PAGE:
Gill Wadsworth writes that the once reliable gilt – largely seen as almost ‘risk free’ and a portfolio mainstay for cautious investors – has fallen victim to extreme market volatility wiping billions of pounds from investor portfolios.
Data from Refinitiv IFR Markets show 30-year gilt yields hit 4.99 per cent this month from 2022’s starting point of 1.1 percent after the government’s heavily criticised ‘mini budget’ caused market chaos.
The Bank of England has since intervened and 30-year gilt yields are back to 4.35 per cent, but the damage has been done.
Big name ETFs have seen years of gains disappear during October with iShares’ GBP1.1 billion Core UK Gilts UCITS ETF returning -25.12 per cent in the year to 19 October while the SPDR Bloomberg UK Gilt UCITS ETF is down -26.18 per cent.
However, outside of those investing in gilts, commentators say that the ETF market has not been unduly affected by the budget back and forth.
Gina Miller, founding partner at SCM Direct, says: “Looking at the primary ETF share class and ranking by size those listed on the London Stock Exchange, the largest ETF to have significant direct exposure to either UK gilts or corporate bonds would rank only 153rd in size. London’s largest ETFs tend to track equity indexes such as the S&P 500, FTSE 100, or MSCI World.”
Miller says that “once again ETFs have shown their resilience and pricing transparency in volatile markets”, and she notes that the recent reversal of most of the mini budget has seemed to have stabilised the situation.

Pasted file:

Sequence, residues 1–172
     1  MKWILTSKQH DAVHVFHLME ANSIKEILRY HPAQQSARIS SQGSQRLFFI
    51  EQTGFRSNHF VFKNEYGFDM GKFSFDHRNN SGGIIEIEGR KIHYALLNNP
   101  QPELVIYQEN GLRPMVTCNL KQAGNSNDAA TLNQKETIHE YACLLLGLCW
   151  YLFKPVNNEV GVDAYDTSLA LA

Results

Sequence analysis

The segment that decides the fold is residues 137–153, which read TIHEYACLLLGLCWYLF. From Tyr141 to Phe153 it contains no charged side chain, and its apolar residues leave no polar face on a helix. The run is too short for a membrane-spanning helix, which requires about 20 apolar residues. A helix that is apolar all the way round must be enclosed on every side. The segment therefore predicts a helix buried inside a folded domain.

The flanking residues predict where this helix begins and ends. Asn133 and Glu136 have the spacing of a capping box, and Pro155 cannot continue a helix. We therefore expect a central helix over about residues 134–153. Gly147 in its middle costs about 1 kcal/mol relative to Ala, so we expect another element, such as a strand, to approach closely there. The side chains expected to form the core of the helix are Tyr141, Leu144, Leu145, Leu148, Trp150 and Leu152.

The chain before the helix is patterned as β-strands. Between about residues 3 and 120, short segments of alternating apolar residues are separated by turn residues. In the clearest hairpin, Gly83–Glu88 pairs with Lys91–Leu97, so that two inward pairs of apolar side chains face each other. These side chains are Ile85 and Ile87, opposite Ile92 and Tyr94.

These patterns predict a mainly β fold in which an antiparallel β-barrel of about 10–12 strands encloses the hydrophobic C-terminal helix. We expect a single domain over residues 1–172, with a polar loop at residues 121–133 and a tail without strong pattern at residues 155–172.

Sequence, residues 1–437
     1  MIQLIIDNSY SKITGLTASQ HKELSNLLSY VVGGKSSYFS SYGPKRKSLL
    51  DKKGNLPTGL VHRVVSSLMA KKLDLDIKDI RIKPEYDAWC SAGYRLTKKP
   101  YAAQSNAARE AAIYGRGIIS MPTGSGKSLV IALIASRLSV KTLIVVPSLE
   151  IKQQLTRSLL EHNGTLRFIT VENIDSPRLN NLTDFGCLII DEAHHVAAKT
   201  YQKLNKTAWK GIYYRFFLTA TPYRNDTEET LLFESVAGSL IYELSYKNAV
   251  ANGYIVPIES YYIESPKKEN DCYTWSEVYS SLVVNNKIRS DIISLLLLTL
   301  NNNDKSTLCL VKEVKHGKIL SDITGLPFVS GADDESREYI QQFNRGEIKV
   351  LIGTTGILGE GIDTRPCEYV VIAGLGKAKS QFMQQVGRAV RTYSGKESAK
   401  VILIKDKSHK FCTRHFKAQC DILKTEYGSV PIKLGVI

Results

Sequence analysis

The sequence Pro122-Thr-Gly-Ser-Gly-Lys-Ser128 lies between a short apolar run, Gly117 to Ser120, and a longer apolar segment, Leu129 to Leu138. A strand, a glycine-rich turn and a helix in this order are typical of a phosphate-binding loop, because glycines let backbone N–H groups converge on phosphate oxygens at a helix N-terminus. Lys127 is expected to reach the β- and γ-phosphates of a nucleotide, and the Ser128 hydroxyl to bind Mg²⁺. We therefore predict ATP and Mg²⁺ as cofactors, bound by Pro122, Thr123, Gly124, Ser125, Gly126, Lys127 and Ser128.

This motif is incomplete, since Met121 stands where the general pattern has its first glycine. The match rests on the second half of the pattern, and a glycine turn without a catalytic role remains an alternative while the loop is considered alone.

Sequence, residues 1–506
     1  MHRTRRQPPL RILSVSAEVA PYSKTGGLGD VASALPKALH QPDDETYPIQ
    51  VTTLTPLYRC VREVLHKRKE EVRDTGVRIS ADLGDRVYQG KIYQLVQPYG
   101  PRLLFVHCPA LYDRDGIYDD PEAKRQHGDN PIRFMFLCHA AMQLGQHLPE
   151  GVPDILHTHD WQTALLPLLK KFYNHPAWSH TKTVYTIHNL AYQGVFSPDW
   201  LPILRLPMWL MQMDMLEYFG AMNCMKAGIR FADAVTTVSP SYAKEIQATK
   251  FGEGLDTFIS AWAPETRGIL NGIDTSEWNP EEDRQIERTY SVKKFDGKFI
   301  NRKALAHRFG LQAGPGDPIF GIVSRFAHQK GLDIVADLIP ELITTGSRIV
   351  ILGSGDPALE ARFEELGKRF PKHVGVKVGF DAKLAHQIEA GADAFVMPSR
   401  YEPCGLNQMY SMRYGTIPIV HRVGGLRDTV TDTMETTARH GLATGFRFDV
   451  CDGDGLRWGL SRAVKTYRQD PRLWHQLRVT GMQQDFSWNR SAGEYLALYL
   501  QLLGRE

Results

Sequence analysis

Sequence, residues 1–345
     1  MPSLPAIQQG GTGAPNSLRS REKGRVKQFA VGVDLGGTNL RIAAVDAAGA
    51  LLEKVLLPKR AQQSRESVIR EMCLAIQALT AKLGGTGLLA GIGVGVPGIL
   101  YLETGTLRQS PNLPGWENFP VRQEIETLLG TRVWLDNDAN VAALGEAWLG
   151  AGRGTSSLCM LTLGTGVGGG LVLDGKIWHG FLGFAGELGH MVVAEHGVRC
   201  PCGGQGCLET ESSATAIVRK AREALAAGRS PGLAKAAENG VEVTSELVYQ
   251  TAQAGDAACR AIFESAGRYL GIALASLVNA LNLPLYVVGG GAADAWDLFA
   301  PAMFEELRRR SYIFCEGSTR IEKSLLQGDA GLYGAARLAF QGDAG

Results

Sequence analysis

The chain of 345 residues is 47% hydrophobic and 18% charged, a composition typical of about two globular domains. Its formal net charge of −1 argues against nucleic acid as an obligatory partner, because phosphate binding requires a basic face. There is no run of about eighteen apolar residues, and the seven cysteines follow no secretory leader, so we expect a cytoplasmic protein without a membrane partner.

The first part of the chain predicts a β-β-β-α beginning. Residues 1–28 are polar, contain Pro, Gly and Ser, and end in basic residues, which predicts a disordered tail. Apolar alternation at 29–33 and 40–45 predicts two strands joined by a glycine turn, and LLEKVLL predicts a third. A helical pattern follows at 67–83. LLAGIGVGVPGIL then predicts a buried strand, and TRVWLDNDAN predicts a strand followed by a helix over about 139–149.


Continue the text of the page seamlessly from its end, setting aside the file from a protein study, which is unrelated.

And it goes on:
“UK government 10-year yields are now very close to US 10-year yields, although admittedly as recently as May this year UK 10-year yields were a full 1 percent less than the US,” Miller says
MJ Lytle, chief executive officer at Tabula Investment Management, agrees that ETFs have “functioned efficiently during the crisis”, noting that while spreads have widened this is in proportion to the underlying market, and that creation and redemptions have been available with no reports of failures to provide primary access to the funds.
However, Lytle says the government “needs to restore calm” by addressing the underlying economic issues that prompted the crisis.
“The government picked a very poor time to try and stimulate the economy through unfunded tax cuts. The lesson of the pandemic should not have been that the government can borrow as much as it likes and not worry about the fiscal consequences. The lesson should have been that governments can take aggressive short-term measures when facing a crisis but always in the context of medium-term and long-term balanced fiscal prudence,” Lytle says.
For investors looking for alternatives to gilts in the current volatile market environment, abrdn’s head of ETFs, Steve Dunn says commodity ETFs and other inflationary-friendly asset classes look viable.
Dunn says: “Despite the volatile market environment, palladium has outperformed the other precious metals by a healthy margin in 2022. Meanwhile, increased foreign currency volatility remains a friend to gold as interest rate differentials have created additional demand for gold in an unsettled environment.”